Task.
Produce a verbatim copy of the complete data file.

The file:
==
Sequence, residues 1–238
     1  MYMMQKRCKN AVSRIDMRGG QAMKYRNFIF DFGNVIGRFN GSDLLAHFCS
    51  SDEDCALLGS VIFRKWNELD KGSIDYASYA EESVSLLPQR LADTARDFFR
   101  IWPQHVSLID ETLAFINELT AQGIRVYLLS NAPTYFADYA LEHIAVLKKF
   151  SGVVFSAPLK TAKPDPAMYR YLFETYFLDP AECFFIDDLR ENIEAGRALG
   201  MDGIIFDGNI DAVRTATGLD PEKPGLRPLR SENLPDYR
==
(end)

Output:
Sequence, residues 1–238
     1  MYMMQKRCKN AVSRIDMRGG QAMKYRNFIF DFGNVIGRFN GSDLLAHFCS
    51  SDEDCALLGS VIFRKWNELD KGSIDYASYA EESVSLLPQR LADTARDFFR
   101  IWPQHVSLID ETLAFINELT AQGIRVYLLS NAPTYFADYA LEHIAVLKKF
   151  SGVVFSAPLK TAKPDPAMYR YLFETYFLDP AECFFIDDLR ENIEAGRALG
   201  MDGIIFDGNI DAVRTATGLD PEKPGLRPLR SENLPDYR